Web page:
"Although the ladies of Cranford know all each other's proceedings, they are exceedingly indifferent to each other's opinions ... but, somehow, good-will reigns among them to a considerable degree."
That passage from the first chapter of Cranford is actually a pretty good summation of what we learn about Miss Matty and her circle of friends in the succeeding set of linked stories (for a novel with an overarching plot this is not). The book is short (for a Victorian work!) easy and gently humorous, and it pokes fun at manners and mores that are far enough from today's that the already gentle satire bites not at all. Though in their little day-to-day exchanges, Mrs. Gaskell's characters can be horribly selfish and ignorant, yet without exception they have a core of goodness, and in the face of economic anxiety, which is the principal villain in this book without a villain, they do come together to support each other, even as they hedge their generosity around with a significant superfluity of social ridiculousness.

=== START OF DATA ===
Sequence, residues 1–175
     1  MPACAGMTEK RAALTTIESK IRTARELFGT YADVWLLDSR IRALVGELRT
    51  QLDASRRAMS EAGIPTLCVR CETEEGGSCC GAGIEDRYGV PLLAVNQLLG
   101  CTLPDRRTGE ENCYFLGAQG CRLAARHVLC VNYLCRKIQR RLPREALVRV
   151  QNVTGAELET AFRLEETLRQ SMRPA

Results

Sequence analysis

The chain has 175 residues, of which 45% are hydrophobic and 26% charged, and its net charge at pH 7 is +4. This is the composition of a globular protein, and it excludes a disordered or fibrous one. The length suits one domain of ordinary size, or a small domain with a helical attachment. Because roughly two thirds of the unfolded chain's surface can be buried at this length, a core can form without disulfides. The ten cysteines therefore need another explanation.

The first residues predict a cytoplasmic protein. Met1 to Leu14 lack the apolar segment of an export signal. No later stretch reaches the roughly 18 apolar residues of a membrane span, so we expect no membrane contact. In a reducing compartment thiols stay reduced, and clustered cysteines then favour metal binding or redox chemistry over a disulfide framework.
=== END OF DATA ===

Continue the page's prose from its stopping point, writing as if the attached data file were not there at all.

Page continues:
I read this on a plane flight and it went down quickly and smoothly, with smiles and just a bit of sentiment - like a cup of tea with an old friend.